Researchers at Princeton University have devised a new method to measure glucose levels that requires only a beam of light and the palm of a hand, according to research published in Biomedical Optics Express.
Now working to shrink the laser system to a portable size, Sabbir Liakat, a graduate student in electrical engineering, and colleagues are hopeful the technique could provide a new non-invasive testing path for patients.
“This summer, we are working to get the system on a mobile platform to take it places such as clinics to get more measurements,” Liakat said in a press release. “We are looking for a larger dataset of measurements to work with.”
Using mid-infrared quantum cascade laser spectroscopy, the team of researchers was able to non-invasively predict blood glucose concentrations of three healthy people.
The system delivers and collects light through a hollow-core fiber-based optical setup, then uses the broadly tunable laser to obtain spectra and standard chemo-metric techniques (partial least squares regression) for prediction.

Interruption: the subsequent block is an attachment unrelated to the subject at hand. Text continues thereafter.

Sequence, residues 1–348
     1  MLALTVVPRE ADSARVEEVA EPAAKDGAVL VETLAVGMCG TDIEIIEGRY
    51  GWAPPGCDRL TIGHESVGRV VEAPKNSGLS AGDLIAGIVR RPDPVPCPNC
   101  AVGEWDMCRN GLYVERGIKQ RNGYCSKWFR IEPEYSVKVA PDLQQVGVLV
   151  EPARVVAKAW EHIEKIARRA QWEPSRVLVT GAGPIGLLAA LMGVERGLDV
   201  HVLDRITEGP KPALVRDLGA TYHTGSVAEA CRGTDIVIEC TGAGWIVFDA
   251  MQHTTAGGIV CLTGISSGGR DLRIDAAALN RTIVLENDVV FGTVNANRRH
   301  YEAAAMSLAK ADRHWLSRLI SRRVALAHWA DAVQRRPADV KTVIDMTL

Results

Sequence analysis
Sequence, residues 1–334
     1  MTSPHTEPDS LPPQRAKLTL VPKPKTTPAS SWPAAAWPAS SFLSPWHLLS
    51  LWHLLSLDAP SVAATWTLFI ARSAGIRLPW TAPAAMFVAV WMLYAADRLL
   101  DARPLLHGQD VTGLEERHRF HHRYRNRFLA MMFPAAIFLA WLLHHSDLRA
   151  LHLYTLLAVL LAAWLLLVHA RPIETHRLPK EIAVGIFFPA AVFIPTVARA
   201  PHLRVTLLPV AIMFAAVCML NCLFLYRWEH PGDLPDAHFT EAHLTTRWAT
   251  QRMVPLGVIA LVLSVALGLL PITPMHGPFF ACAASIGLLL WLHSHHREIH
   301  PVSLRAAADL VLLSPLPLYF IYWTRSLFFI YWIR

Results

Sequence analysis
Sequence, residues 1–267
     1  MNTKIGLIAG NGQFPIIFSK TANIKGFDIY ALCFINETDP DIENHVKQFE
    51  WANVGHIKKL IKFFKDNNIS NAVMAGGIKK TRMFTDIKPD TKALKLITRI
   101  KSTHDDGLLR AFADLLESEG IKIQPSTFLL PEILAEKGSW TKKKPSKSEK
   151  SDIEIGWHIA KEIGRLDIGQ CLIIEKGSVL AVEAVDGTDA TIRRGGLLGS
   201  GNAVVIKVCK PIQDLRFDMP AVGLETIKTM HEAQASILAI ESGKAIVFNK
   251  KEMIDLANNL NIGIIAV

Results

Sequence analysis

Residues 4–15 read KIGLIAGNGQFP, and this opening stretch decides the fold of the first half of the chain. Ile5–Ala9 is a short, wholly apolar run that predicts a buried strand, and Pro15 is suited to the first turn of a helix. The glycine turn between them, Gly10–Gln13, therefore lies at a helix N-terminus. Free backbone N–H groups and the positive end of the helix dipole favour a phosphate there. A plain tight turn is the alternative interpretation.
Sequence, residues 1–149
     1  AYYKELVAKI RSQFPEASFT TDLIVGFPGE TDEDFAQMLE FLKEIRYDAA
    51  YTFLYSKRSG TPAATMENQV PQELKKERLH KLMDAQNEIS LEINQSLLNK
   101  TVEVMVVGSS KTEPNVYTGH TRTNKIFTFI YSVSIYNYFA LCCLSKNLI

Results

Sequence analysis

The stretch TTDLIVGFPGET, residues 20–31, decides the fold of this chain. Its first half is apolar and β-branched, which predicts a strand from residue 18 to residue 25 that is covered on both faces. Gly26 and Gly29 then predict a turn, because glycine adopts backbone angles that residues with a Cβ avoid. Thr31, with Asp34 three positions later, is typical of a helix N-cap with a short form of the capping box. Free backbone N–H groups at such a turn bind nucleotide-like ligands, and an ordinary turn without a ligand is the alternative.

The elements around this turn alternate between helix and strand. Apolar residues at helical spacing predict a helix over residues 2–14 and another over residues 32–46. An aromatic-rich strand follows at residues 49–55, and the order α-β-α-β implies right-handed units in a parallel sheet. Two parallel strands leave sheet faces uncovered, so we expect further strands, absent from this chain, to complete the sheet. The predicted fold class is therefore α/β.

The laser causes no damage when passing through the skin cells, and gets partially absorbed by the sugar molecules in the body, according to the release. The amount of absorption is used to measure blood glucose level.
The researchers reported clinically accurate predictions 84% of the time, on average, throughout a glucose concentration range of 80 to 160 mg/dL. Glucose monitors are currently required to produce readings within 20% of actual levels, according to the release.
“We are working hard to turn engineering solutions into useful tools for people to use in their daily lives,” Claire F. Gmachl, Eugene Higgins Professor of Electrical Engineering and researcher on the project, said in the release. “With this work we hope to improve the lives of many diabetes sufferers who depend on frequent blood glucose monitoring.”
Disclosure: See the full study for a complete list of the researchers’ financial disclosures.